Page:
The overwhelming majority of athletes have coaches – in fact, we remark on the few who don’t. More and more executives have coaches and mentors to help improve performance. Businesses of all sizes are employing coaches to help create and execute plans that succeed. We have relationship coaches, life coaches, spiritual coaches, money coaches, visibility coaches.
But no coach is ever going to be as effective as you at coaching yourself.
The main thing all those coaches are working for is silencing the inner critic.
The inner critic is the term we use to define the negative voices in your head, that
- undercut your belief
- tell you that you’re not good enough,
- make you second guess people’s intentions,
- enlist in you in self-sabotage,
- help you procrastinate,
- martyr yourself
- or whatever you personally choose to do to trip yourself up.
Whose voices make up the inner critic’s cumulative one?
In order to understand this, let’s have a little check. I want you to think about a situation recently when you caught yourself giving yourself a hard time. Maybe you filed your tax return later than you really wanted to. Or was the bill higher than you expected and you hadn’t planned for it? Maybe you were late dropping your children to school. Maybe you’re avoiding making a sales call or dealing with a tricky customer.
What thoughts did you think?
- beat yourself up for not having planned better?
- imagine the other mums or the school staff rolling their eyes and badmouthing you?
- worry about the example you were teaching your kid?
What about the sales call? Do you talk yourself into all the reasons why they absolutely should not under any circumstances buy from you…? And therefore not have to make yourself uncomfortable by making the call?
Well. I want to share this little video with you….
Now. In some cases, STOP IT is actually going to be enough.
But in other cases, we need a more nuanced line of attack. Why?
The thoughts we think create our feelings, which create our behaviours, which have consequences.
Those consequences give rise to a new set of thoughts, which create new feelings, new behaviours and of course new consequences.
And if you’ve set off on a negative track, the result is a downward spiral into increasingly negative thoughts, feelings, behaviours and consequences. And that can have a direct negative effect on your physical and mental health.
Let’s play “silencing the inner critic” through…
- Take a piece of paper and think of a situation – perhaps the one you thought of earlier, perhaps a new one. Describe the situation in as few words as possible.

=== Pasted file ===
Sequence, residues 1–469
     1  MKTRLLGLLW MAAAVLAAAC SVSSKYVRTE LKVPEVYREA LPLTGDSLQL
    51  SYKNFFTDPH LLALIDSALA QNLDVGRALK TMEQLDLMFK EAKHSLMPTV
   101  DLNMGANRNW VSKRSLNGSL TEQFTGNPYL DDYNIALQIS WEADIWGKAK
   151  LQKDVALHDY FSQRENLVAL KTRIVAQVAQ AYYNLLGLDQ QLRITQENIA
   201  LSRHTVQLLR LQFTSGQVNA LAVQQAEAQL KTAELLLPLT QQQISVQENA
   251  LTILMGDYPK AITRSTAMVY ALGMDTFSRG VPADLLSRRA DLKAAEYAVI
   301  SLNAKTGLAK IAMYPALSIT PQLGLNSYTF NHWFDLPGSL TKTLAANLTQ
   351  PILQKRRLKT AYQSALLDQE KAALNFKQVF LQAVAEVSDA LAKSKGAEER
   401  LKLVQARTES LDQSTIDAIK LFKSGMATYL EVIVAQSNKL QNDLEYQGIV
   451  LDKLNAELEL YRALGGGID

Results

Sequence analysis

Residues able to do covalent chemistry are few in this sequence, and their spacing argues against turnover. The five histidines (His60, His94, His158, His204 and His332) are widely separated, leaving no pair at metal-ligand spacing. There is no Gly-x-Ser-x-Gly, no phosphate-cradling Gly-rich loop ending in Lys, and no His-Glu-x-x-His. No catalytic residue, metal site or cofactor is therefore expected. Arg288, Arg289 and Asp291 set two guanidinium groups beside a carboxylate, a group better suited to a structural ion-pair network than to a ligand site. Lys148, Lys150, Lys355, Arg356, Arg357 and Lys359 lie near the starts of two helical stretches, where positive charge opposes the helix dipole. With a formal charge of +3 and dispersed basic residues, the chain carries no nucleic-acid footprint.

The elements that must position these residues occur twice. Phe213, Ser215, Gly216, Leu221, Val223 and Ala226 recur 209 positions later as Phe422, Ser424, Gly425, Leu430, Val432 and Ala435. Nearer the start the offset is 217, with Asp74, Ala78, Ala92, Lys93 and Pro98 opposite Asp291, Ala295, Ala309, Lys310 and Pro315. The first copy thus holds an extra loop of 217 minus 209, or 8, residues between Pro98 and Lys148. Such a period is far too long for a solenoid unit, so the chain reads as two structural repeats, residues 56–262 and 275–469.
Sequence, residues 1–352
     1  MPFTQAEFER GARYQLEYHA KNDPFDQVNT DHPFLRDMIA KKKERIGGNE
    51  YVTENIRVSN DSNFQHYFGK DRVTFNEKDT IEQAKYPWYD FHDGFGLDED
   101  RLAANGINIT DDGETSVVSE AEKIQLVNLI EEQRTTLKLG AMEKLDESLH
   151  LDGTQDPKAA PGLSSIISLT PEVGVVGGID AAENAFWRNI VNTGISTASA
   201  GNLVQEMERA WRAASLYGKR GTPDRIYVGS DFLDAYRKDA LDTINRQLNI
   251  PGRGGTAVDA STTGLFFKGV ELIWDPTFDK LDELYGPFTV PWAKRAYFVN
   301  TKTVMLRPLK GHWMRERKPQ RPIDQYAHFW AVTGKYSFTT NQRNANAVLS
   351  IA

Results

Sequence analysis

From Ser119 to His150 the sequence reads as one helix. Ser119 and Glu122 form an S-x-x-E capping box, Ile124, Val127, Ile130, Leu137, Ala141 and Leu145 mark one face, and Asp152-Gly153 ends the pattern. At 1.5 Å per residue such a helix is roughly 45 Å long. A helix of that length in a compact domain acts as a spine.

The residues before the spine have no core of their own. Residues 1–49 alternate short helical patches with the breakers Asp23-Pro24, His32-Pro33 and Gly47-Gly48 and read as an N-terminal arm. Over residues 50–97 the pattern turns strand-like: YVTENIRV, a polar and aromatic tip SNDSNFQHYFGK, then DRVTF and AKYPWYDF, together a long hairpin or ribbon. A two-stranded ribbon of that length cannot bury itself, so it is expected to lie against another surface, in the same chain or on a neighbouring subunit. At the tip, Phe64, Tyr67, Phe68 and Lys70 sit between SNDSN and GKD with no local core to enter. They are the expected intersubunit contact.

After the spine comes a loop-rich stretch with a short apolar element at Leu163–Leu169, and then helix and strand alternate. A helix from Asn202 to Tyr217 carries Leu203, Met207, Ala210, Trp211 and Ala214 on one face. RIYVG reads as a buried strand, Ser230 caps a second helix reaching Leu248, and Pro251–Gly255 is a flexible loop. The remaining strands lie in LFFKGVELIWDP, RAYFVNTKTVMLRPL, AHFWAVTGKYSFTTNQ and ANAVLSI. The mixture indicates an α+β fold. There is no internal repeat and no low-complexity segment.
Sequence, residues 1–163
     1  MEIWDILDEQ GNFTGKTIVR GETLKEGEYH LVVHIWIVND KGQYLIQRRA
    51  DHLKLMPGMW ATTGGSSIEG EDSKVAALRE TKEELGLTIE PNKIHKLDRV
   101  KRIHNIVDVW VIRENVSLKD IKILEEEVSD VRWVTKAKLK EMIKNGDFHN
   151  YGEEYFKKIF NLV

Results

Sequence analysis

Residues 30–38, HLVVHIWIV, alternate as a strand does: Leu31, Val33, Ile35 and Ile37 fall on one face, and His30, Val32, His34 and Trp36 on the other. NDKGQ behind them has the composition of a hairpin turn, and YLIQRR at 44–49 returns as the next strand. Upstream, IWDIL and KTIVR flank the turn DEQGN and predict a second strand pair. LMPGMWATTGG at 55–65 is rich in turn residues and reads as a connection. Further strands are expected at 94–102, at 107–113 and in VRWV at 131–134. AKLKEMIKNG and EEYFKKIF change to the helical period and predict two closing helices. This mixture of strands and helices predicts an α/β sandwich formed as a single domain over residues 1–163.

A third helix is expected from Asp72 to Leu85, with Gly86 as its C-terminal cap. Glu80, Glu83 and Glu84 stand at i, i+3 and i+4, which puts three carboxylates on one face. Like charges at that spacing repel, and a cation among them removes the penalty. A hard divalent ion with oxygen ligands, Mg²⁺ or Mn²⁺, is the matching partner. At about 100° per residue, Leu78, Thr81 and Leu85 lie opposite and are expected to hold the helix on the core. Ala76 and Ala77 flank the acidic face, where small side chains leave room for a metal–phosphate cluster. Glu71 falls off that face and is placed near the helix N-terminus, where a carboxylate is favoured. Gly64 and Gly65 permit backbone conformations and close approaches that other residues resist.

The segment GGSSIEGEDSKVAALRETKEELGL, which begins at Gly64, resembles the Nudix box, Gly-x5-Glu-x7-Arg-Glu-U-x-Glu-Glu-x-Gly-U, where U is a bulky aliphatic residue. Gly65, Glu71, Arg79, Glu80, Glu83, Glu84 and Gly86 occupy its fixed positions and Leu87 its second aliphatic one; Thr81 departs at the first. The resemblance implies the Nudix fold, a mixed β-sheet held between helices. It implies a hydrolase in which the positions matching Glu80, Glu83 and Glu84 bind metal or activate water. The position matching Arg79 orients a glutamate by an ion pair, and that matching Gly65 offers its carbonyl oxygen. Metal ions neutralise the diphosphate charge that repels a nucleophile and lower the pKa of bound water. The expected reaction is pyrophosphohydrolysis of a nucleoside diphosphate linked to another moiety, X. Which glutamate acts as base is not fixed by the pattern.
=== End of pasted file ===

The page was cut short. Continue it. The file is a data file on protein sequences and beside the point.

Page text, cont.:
- Now, was your description true or do you need to retell it without some of the judgements or assumptions?
- Ok. Now, start to make a list of the thoughts you had about that situation and about yourself in that situation.
- Pick a couple of those thoughts and look at how they make you feel.
- So how does the feeling affect your behaviour? How does shame affect your behaviour? How does guilt? Disappointment? Disappointment in yourself? What feelings are you having now? What sorts of consequences might come from entering a life situation or work situation with those behaviours?
- Now. Let’s go back to the initial situation. Your job is to come up with alternative explanations for what happened or alternative ways of looking at the situation. It doesn’t matter if they are provable or not, so long as you could credibly believe that explanation instead.
- Fantastic. Now, what feelings are you feeling about the situation and you in it? How might these new feelings change your behaviour? And what might the consequences be?
Even neutral thoughts give rise to more helpful feelings.
And we want to actively cultivate feelings that allow us to be resourceful and creative. In fact, the more resourceful and creative you can be, the more you will begin to generate an upswing in both the results you’re getting and, of course, in your feelings about those results and yourself, so that you create an upward spiral.
So. How would this help in silencing the inner critic for good?
Firstly…. When you begin to examine the thoughts and see how outrageously untrue and unfair some of those thoughts are about you… I’m hoping your inner rebel will come out and start fighting on your behalf!!
Who dared tell you that? Where did that idea first come from?
If your inner rebel is asleep, go talk to a dear friend, or a good therapist, to help you get some perspective.
So often these thoughts aren’t actually our own.
Maybe its something a teacher said in passing or an aunt or uncle or mum or dad. But for some reason, it went in and continues to play havoc with our lives. And the more we can name them – and I do literally mean name them – the sooner we will be able to let them go.
Baldy Bob telling me I’m not good enough
has a lot less effect.
Secondly, as you start to see for yourself how direct the link is between what you think and the results you get, you can start to build a positive feedback loop. Build evidence that when you think positive and supportive thoughts about yourself, you feel strong and resourceful. Also, you behave creatively and assertively and you get better results.
The trick is to think it matters enough to listen to what you’re thinking in the first place. If you do, I promise you will soon see better results and you will feel better in yourself – physically, emotionally and mentally.